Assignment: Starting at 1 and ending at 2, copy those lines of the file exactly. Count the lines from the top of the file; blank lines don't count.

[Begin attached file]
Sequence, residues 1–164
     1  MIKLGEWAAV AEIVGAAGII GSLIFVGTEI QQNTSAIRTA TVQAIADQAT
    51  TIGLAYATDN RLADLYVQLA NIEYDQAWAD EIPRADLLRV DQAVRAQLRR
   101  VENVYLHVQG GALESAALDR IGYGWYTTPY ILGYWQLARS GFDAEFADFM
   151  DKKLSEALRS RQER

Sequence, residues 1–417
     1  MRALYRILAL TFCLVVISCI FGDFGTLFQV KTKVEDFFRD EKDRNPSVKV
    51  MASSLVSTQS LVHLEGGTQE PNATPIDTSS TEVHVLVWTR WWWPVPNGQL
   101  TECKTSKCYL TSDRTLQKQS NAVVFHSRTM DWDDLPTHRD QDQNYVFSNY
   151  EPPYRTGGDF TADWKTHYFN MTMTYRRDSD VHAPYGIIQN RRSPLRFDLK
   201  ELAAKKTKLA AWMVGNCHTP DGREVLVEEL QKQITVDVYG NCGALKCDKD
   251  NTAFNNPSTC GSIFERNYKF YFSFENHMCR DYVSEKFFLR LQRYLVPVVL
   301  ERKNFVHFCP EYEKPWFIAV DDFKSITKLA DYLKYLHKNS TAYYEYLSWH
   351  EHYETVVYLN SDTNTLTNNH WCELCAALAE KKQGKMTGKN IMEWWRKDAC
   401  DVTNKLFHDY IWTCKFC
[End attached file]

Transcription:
Sequence, residues 1–164
     1  MIKLGEWAAV AEIVGAAGII GSLIFVGTEI QQNTSAIRTA TVQAIADQAT